Expiration Date Meaning and Expired Food Dangers

Is it OK to eat food past the expiration date? Discover what expiration dates mean, the meanings of sell by date vs. expiration date and how to read expiration dates on food.

You may be unnecessarily tossing perfectly good food — and you’re not alone. Nine out of 10 Americans throw out food prematurely. The main culprit? Confusion around expiration dates. Many consumers take these dates as law, when they’re actually set by the manufacturer. Most people don’t realize that the dates on packaged goods aren’t related to food safety but are instead indicators of when the brand believes the product is its freshest.

To complicate matters, “use by,” “best by” and “sell by” are used so inconsistently that it makes it confusing to figure out when to toss an item or to keep it. These misunderstandings lead to major food waste: A staggering 40% of the U.S. food supply is thrown away unused because of food dating, according to The Dating Game: How Confusing Food Date Labels Lead to Food Waste in America, a 2013 report from the Natural Resources Defense Council and the Harvard Food Law and Policy Clinic.

So what can you do? Understanding what those phrases mean is the first line of defense.

Expiration dates

Use by and Best by:

Both of these refer to quality — not safety. Bottom line: Eating something after the date provided is usually OK. Sure, quality may decline slightly, though chances are you might not notice. The one exception is baby formula, which loses valuable nutrition over time.

Sell by :

You can ignore this — it’s not telling you when to toss your food! This date is for food retailers and manufacturers and has no bearing on when the food is good or bad. It’s a stocking and marketing tool to ensure product turnover in stores.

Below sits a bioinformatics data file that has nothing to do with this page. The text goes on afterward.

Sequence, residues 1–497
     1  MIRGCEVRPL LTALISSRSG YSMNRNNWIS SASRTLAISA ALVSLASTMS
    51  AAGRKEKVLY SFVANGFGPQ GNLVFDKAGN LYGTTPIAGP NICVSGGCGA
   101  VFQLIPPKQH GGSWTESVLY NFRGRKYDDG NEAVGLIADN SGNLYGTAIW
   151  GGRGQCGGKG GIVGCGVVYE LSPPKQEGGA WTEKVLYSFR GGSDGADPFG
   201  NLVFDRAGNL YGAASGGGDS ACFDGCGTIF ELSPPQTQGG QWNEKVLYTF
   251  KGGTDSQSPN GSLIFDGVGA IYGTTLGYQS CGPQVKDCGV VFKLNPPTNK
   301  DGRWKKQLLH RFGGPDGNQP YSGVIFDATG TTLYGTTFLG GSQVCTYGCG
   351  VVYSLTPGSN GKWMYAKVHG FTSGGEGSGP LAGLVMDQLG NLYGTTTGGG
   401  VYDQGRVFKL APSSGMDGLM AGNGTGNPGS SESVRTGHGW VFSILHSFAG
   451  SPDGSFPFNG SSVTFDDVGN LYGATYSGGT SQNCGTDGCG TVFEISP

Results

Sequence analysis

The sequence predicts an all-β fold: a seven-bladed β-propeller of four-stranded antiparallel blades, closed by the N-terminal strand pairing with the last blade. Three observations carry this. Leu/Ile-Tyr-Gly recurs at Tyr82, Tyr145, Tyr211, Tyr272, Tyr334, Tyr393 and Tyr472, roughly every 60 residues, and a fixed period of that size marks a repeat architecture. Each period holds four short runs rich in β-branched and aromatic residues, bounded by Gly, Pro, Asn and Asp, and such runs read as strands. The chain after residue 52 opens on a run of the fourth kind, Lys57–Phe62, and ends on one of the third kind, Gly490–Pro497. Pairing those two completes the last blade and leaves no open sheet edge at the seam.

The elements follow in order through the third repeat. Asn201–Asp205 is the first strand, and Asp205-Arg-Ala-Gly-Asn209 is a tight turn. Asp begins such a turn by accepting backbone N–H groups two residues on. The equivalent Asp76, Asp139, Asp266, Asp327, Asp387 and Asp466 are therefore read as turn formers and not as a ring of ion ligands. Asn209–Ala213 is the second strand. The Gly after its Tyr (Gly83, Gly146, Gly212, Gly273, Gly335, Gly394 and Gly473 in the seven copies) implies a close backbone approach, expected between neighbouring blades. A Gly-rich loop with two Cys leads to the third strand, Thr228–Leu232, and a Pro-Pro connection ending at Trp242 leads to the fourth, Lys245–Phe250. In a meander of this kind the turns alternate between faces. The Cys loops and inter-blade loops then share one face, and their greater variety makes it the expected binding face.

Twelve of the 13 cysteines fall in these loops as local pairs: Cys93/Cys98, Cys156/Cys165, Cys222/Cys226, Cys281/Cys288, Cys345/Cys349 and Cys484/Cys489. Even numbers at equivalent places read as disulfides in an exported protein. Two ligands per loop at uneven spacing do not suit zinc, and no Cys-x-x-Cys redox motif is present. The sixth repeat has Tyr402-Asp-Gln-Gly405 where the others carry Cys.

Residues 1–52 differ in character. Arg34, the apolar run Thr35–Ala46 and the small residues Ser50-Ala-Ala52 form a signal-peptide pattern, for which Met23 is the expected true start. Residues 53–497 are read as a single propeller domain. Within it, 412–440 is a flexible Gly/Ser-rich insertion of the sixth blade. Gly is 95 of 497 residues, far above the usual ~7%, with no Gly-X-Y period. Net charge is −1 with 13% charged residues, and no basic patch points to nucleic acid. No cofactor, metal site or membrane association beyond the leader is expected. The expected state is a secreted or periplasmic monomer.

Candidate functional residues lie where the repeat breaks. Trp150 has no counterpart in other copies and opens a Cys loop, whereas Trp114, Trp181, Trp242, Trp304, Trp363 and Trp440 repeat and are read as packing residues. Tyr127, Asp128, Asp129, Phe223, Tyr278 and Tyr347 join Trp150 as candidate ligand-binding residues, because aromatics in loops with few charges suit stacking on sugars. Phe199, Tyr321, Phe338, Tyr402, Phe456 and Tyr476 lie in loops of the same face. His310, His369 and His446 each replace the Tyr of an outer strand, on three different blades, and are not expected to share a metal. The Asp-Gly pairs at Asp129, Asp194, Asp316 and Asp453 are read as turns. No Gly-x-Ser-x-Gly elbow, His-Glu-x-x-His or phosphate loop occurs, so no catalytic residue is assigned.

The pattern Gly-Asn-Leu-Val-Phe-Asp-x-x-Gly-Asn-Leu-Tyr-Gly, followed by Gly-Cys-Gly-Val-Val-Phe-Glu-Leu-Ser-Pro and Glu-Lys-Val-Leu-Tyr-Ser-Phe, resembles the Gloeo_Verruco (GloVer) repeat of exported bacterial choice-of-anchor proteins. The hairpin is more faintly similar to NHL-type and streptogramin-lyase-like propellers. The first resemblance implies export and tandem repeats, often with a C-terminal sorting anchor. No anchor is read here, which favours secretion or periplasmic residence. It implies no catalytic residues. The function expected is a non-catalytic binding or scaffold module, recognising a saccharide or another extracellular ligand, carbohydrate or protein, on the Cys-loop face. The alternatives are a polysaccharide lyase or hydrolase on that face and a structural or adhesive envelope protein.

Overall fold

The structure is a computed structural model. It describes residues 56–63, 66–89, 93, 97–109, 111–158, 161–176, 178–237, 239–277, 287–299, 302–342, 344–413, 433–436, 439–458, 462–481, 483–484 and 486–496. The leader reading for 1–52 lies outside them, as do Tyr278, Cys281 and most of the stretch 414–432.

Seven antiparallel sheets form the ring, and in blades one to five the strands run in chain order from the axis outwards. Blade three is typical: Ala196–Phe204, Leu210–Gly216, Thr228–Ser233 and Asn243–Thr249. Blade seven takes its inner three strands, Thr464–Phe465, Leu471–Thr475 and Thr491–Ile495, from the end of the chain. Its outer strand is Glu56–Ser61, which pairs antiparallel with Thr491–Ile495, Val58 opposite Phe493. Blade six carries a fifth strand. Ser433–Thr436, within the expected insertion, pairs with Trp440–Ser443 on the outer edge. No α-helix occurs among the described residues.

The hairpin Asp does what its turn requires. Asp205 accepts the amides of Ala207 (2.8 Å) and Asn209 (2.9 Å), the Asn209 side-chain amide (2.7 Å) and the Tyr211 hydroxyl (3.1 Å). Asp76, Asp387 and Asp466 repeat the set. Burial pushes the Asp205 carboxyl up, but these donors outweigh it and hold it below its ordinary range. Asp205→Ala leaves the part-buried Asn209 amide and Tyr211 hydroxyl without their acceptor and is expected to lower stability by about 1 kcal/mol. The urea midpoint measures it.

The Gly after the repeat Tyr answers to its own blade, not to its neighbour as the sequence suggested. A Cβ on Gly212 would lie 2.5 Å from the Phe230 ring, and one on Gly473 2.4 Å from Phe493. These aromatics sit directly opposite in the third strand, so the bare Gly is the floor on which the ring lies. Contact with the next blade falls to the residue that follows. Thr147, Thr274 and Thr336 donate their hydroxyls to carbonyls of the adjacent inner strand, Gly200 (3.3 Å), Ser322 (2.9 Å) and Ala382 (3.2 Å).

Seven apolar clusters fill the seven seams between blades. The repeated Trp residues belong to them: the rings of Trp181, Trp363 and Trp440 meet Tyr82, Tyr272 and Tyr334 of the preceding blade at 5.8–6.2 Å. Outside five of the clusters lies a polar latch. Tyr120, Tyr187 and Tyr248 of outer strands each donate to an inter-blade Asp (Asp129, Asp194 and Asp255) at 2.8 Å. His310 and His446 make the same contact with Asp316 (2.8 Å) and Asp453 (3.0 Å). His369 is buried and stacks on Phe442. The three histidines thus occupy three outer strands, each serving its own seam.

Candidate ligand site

Now that you’re more familiar with the terminology, it’s up to you to decide what really needs to be tossed.

Canned Food vs. Fresh Food

In most cases, you can safely keep canned and packaged goods well past the date indicated, according to the U.S. Department of Health & Human Services. In fact, low-acid foods, like meat, poultry, stews, green beans and corn, should last two to five years beyond the date indicated. Canned food with higher acidity, such as juices and fruit, are often fine to consume 12 to 18 months beyond their use-by dates. Dried food like beans, rice and pasta will most likely last even longer.

Observing the dates with fresh food is a different story — though many items will be fine past the date on the carton. To help keep your fresh food safe to eat for as long as possible, store at 40ºF or below.

As a rule of thumb, once opened, red meat lasts three to five days in the fridge, while poultry, ground beef and fish last only one or two days. Leftovers should stay fresh for about four days, and eggs are usually safe to eat three to five weeks after purchase.

The best way to tell if something has gone bad is to use your senses. You can often see, smell or taste if that suspicious-looking food item has spoiled.


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